Aditi Mittal: Mother Of Invention | Edinburgh Fringe review by Julia Chamberlain
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Aditi Mittal: Mother Of Invention

Edinburgh Fringe review by Julia Chamberlain


Chatty and charming, Aditi Mittal was a ball of energy for her Edinburgh hour. She engaged with the audience before the show as they filed in, establishing her likeability and credentials as a safe pair of hands.
 
The show began with some quick autobiography and CV explanation. She says she’s one of India’s few female stand-ups, explaining that many there do not approve of her career.  

She proudly let us know she won an award for ‘fempowerment’, which she wanted to show her mum to justify her decision to go into comedy. But the prize came instead of actually getting paid, so slightly less empowering than would appear.  

Mittal’s strength lies in her ability to vividly describe characters in her stories from the repellent, drunk audience member who flobbed at her for being a female comedian to her astounding, chain-smoking, aggressive mother entering a police station ‘groin first’ to rescue her daughter. This story was one of the best bits of the show, even if it left me  astonished how, at 32, she can instantly revert to childlike dependency on her ball-breaking mum when it suited.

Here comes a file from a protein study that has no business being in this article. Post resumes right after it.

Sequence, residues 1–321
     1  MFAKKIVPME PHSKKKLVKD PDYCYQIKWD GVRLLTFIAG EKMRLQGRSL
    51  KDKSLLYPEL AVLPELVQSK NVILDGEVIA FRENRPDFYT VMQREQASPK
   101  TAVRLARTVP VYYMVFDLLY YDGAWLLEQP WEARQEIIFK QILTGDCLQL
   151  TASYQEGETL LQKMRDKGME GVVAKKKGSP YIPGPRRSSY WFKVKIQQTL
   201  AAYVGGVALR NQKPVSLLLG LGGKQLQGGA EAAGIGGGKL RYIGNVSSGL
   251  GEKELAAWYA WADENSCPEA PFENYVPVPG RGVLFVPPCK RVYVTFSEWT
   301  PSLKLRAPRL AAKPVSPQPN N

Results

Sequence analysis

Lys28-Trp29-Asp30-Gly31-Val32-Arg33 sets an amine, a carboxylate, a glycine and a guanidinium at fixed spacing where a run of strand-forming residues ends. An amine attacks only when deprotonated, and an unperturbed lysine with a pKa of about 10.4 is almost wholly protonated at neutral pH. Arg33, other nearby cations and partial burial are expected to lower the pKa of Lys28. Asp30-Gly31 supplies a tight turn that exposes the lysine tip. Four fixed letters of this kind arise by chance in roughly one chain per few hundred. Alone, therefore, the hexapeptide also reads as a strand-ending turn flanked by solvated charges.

Routines about her family background were the highlights of the show – honest and warm, and a good vehicle for Mittal’s vitality.

What I found frustrating was that she made multiple references to doing ‘corporates’ in India, no comedian’s idea of fun but very lucrative, and to the small audiences she otherwise performs for. She managed to do all this without a single gag, except when quoting one that is older than the hills. 

I don’t know what the Indian version of chutzpah is, but she has it. Spending a gig referencing all the other gigs she has done made me wonder what her actual material is – if she doesn’t talk about other gigs at all her other gigs.  

I could see her being a ‘personality’ on TV, a go-to-gal when a woman or non-western person is needed as a mouthpiece. But the minimum requirement for a comedian  is surely to have some gags and tags, not just the front to talk about yourself for an hour. She’s likeable, but her content needs work.
 

Review date: 10 Aug 2019
Reviewed by: Julia Chamberlain
Reviewed at: Assembly George Square

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